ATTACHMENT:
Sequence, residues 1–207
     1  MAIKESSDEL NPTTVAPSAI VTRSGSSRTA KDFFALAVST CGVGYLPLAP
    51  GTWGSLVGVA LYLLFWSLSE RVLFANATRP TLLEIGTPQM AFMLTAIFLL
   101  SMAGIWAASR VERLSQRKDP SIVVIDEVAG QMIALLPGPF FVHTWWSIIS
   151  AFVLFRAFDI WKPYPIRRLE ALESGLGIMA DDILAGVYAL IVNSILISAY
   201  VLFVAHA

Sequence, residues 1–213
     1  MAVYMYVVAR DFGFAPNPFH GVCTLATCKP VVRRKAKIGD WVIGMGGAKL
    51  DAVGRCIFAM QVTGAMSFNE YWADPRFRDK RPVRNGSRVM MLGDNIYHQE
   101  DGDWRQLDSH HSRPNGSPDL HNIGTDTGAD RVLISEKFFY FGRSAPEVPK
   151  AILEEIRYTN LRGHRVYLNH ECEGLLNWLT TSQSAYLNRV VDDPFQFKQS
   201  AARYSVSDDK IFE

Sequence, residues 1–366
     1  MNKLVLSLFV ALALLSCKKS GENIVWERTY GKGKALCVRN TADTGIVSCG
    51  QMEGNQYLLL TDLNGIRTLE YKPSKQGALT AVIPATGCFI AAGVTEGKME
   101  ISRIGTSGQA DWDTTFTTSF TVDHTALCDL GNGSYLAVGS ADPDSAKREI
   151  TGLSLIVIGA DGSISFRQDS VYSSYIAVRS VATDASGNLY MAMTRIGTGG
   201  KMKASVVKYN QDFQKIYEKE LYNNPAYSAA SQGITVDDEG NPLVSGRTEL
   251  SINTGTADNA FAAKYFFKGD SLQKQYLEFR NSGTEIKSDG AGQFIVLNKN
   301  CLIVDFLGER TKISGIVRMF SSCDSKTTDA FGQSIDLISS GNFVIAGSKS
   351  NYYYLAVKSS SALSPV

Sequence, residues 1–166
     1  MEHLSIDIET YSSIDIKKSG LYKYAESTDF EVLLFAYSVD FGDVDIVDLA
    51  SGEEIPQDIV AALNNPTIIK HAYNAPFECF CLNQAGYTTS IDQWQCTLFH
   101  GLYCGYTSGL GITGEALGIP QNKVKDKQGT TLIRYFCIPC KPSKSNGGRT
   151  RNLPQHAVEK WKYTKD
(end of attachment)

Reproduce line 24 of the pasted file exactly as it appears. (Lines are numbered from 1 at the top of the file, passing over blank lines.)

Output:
    51  SGEEIPQDIV AALNNPTIIK HAYNAPFECF CLNQAGYTTS IDQWQCTLFH